World Economy

World’s Poorest Nations Lack Structural Reforms: UN

World’s Poorest Nations Lack Structural Reforms: UNWorld’s Poorest Nations Lack Structural Reforms: UN

The planet’s poorest nations like Ethiopia, Malawi and Angola have failed to cash in on strong economic growth due to a lack of structural reforms and left them wallowing in poverty, the UN warned Thursday.

In its annual report on the world’s least developed countries, or LDCs, the UN Conference on Trade and Development said that booming economic growth in the 48 nations on its list was having only minor impacts on living standards and the fight against widespread poverty, AFP reported.

“The LDC paradox arises from the failure of LDC economies to achieve structural changes despite having grown vigorously as a result of strong export prices and rising aid flows”, UNCTAD said.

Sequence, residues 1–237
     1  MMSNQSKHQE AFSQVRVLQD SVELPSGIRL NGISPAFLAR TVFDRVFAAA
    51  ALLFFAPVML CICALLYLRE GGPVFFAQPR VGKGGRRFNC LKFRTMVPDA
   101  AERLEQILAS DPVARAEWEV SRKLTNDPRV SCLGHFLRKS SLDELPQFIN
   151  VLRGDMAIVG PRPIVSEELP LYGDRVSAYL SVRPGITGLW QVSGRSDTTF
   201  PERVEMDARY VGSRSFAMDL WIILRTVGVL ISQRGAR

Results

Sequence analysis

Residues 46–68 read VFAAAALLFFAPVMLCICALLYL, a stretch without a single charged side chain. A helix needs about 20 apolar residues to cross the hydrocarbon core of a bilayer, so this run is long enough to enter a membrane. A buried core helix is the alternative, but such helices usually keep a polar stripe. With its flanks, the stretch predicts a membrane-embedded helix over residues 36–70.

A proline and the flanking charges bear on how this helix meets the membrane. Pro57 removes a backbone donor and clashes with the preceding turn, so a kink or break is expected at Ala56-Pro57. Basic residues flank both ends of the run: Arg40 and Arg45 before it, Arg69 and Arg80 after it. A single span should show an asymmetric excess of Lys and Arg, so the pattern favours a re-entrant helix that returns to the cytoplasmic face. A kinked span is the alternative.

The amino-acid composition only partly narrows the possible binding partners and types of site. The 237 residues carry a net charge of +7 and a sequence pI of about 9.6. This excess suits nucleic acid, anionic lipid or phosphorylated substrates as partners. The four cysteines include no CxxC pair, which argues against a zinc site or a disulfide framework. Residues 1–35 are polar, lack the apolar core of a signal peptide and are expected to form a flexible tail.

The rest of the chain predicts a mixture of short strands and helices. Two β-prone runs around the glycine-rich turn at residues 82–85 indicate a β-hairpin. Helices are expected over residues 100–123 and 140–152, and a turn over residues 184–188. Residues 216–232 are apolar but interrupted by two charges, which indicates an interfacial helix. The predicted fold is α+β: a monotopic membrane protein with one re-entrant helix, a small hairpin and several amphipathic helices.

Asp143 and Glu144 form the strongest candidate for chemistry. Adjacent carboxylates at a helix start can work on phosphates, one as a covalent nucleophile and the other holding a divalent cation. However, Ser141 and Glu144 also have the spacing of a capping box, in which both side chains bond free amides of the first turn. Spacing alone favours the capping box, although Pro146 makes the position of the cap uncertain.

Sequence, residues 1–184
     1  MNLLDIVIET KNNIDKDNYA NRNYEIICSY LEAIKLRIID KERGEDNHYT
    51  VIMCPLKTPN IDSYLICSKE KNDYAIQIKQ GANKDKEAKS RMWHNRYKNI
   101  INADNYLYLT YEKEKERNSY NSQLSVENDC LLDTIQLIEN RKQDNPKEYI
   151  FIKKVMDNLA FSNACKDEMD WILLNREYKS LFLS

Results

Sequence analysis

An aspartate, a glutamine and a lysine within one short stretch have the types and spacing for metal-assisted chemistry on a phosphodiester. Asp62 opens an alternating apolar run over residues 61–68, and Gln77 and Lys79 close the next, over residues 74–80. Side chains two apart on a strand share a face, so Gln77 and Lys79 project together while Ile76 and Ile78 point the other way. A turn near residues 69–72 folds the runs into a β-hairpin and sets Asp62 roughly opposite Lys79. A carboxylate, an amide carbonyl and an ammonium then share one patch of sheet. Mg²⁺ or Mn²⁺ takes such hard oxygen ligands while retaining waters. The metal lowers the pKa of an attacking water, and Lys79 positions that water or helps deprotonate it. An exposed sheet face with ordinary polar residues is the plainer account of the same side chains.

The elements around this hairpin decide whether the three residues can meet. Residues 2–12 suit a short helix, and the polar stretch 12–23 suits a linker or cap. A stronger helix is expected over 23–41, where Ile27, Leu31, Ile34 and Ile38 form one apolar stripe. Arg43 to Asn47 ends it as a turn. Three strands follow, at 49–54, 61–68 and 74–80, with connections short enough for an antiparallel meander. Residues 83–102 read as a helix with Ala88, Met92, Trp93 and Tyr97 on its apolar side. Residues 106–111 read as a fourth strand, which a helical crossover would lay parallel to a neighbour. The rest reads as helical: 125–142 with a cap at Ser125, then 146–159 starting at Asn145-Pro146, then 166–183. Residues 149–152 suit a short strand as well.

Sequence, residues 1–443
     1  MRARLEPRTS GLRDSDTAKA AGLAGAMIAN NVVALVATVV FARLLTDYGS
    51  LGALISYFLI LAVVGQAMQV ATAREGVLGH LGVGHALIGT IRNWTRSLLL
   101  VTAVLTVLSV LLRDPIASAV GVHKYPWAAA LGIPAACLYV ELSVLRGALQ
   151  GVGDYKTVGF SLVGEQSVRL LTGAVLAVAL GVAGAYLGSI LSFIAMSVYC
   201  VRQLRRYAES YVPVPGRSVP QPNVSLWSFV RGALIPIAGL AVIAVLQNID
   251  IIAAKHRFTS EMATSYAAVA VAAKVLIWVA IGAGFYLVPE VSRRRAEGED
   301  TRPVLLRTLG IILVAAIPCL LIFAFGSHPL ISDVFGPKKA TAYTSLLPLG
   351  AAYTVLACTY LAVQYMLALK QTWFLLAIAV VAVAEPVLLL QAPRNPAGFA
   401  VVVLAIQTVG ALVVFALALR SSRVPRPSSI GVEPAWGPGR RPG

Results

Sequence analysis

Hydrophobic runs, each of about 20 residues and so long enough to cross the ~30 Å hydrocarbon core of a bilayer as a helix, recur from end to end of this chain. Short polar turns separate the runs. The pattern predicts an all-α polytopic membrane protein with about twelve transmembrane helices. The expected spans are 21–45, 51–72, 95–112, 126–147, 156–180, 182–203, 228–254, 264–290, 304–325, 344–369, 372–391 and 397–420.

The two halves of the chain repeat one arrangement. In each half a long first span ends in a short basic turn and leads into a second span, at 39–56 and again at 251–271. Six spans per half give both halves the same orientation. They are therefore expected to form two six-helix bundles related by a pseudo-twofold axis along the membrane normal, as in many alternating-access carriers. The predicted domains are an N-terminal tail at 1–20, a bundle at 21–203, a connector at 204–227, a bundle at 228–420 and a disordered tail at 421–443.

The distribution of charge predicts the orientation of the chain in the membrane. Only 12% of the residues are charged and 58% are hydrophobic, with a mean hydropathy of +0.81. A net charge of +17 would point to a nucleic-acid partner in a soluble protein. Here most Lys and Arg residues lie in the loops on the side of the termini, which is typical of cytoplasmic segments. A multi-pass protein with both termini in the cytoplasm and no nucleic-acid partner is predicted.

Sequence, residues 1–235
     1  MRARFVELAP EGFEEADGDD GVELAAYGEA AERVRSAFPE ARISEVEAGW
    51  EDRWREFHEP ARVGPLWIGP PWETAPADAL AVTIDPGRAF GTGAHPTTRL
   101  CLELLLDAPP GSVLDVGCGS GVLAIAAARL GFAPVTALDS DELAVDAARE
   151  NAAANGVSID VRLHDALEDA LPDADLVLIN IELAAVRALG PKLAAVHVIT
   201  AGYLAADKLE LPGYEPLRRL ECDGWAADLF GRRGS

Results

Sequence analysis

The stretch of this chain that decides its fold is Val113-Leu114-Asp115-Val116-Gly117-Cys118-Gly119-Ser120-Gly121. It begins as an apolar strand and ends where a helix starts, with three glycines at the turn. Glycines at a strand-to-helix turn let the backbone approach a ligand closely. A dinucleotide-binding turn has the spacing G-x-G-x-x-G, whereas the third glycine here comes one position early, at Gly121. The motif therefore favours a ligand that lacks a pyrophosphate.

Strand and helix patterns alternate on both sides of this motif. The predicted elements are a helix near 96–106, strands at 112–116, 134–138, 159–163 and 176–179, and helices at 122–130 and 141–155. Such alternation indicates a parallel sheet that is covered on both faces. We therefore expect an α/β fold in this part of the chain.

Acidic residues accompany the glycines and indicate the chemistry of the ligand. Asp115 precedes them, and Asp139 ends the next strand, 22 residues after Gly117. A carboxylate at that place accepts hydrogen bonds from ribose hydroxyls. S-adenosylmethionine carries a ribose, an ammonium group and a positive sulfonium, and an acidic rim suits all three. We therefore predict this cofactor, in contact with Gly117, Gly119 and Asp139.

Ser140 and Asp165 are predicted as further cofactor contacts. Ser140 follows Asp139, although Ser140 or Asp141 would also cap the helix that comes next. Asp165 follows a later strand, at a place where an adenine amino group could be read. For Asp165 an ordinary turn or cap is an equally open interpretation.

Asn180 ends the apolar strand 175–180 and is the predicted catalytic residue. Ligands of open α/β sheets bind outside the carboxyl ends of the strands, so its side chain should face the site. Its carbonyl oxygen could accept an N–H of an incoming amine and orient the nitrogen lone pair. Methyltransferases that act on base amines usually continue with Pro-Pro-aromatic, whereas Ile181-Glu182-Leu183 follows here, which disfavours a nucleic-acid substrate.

The 48 countries, most of them in sub-Saharan Africa, had jointly seen their economies grow 5.6 percent in 2013 -- far above the 1.2-percent growth seen in developed countries.

Yet nearly half of the population in LDCs continue to live in extreme poverty, almost 30 percent of people are undernourished and few are in secure employment, the UNCTAD report said.

Nearly one third of people in these countries have no access to a clean water source and almost two thirds have no access to sanitation facilities, it said, also pointing out that one in 12 children there die before they turn five.

One problem, the report said, was that many LDCs, especially the ones in Africa, are not investing enough in areas that generate secure employment, like manufacturing, technology and modernizing the agriculture sector.